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As an accompaniment to my blog post entitled ‘Lazy Loading In AngularJS’, I provided a link to a sample app that was intended to provide a very basic example of how to lazy load artefacts using RequireJS. This sample app, however, was not initially setup with unit testing in mind. This was because my aim was merely to give a very simple and easy to follow example of lazy loading and nothing more. My thinking was that the more I added to the project, the more complicated it would become for others to follow. As others have been trying to integrate the concepts found in the sample app, however, some have found that they are not able to test artefacts that are to be lazy loaded. As a result, I have now refactored the app slightly so that these artefacts can now also be easily tested. If you have not yet read the blog post in question, I would recommend that you first do so in order to gain the proper context before reading any further.

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Being able to lazy load artefacts such as controllers and directives in AngularJS is great because in addition to saving on bandwidth costs, it results in the initial load time of your AngularJS app being much shorter. This is because only the assets that are needed to render the particular route in question, are delivered to the browser, and nothing more. If too many files are being lazy loaded at a time, however, the time between the initial load of your app and when the app is actually ready to present its first route, may significantly increase. The same applies for the time it takes to change routes. This can happen when the browser has reached its ‘maximum concurrent connections’ limit and as a result, has to wait for the first set of concurrent downloads to complete before starting another set of downloads. One way to mitigate this issue is to present some sort of ‘loading’ message to the user while the lazy assets are being loaded. At times, however, the message may not be enough to maintain the perception of the app being performant. At this point, the only thing that can then be done is to combine the lazy assets into fewer files that can be delivered much faster to the browser.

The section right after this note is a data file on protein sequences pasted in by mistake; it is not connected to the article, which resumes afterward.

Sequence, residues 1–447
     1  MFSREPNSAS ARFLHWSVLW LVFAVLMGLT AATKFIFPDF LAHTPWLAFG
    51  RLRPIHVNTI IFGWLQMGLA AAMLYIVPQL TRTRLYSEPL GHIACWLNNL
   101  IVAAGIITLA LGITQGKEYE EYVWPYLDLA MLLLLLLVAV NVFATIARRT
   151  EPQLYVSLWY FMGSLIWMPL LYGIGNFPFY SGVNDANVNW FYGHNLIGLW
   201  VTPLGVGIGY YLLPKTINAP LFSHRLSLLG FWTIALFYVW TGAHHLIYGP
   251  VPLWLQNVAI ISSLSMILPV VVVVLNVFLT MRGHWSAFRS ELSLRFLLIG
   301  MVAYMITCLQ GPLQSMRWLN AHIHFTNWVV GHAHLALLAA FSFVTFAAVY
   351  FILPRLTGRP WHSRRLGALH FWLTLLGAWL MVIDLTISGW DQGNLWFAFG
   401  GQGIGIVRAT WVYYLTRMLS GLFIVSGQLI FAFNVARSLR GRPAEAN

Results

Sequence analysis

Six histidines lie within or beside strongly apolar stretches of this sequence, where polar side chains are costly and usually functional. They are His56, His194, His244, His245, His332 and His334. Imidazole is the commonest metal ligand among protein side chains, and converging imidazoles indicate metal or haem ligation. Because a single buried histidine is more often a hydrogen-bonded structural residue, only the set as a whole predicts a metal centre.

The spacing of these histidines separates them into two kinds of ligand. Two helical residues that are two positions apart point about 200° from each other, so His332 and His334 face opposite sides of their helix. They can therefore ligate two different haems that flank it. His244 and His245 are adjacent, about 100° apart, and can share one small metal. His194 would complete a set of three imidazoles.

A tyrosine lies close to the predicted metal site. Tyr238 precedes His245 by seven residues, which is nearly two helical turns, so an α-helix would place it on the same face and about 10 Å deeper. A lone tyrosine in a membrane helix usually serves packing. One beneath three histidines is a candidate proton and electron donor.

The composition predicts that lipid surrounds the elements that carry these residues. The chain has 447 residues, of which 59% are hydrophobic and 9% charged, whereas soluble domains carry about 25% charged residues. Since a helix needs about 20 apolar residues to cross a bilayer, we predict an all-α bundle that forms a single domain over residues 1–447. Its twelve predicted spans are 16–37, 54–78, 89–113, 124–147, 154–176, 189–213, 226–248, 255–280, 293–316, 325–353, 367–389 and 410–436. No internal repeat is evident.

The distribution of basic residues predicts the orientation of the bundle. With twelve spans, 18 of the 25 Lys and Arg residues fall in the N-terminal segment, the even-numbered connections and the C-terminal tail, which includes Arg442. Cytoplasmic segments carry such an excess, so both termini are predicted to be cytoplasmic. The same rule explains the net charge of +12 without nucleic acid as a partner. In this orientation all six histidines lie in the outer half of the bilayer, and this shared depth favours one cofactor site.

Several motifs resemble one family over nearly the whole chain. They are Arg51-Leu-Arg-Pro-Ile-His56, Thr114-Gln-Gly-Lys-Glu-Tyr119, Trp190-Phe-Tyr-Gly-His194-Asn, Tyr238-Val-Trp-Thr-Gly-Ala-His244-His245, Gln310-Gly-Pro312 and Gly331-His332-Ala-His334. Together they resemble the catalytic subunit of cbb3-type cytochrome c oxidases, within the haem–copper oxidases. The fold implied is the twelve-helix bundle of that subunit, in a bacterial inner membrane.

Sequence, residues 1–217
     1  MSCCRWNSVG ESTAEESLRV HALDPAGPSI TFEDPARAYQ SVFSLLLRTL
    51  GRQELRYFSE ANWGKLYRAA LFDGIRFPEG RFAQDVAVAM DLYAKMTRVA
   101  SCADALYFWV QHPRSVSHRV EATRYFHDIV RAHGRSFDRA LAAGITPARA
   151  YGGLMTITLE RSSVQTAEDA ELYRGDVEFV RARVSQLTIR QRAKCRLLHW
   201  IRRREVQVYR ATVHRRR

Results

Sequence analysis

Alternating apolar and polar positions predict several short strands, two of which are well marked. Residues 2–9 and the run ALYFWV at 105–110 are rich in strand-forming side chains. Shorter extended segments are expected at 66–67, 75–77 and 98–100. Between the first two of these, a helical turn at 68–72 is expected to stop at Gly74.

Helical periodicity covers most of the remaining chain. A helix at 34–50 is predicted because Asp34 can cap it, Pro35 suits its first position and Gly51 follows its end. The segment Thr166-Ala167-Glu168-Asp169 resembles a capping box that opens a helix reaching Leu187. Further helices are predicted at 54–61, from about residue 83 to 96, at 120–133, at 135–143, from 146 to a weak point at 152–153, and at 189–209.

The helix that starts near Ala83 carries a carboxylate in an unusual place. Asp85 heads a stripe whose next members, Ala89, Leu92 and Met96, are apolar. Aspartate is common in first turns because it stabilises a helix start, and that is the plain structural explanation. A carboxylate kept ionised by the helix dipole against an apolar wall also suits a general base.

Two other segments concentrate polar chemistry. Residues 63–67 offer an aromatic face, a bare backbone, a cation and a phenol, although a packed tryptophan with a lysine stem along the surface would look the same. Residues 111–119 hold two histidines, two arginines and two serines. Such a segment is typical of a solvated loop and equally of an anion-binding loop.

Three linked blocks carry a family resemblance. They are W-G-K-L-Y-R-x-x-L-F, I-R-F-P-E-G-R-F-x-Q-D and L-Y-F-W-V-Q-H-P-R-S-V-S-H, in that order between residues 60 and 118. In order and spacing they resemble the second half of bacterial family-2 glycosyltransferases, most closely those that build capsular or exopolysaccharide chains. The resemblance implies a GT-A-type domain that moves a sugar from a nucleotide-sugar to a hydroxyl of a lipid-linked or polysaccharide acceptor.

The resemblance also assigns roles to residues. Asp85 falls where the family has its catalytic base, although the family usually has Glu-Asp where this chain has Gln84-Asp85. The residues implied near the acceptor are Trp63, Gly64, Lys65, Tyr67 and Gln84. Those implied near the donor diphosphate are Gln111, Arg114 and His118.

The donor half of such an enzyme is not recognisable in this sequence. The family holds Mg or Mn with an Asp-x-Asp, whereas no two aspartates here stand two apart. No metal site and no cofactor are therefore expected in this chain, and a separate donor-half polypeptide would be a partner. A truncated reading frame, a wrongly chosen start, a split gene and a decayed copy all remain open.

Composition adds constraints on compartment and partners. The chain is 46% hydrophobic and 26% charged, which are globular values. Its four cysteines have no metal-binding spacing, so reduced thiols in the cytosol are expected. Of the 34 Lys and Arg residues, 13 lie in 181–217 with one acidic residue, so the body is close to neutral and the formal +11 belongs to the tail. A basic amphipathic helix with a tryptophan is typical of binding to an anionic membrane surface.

This is where RequireJS comes in. RequireJS is a JavaScript file and module loader that also comes with an optimisation tool that can be used to combine module definitions into ‘optimised bundles’ for fast delivery to the browser. When partnered with Grunt (a JavaScript task runner), it can be easily used as part of your build step to package multiple lazy AngularJS artefacts into fewer files. Using the lazy loading strategy found in my previous article entitled ‘Lazy Loading In AngularJS‘, I have created a runnable sample project that demonstrates grunt being used with RequireJS to combine lazy dependencies into optimised bundles. The sample project can be found at: Note, however, that this sample project is not meant to be of production quality so please only consider it for educational purposes.

When building large sites or apps with many routes/views in AngularJS, it would be good to not have to load all artefacts such as controllers, directives etc., on the first load. Ideally, on first load, only the artefacts that are needed for the route in question, will be loaded. This may be either in one download or multiple depending on the app, however, it will only be what is needed to render the particular route. Then as the user navigates the app by changing the route, other artefacts that have not already been loaded, will then be loaded as and when there are needed. Not only should this potential speed up the initial page load, but it should also result in bandwidth not being wasted. With this post, my aim is to show how the lazy loading of artefacts such as controllers and directives can be achieved with AngularJS.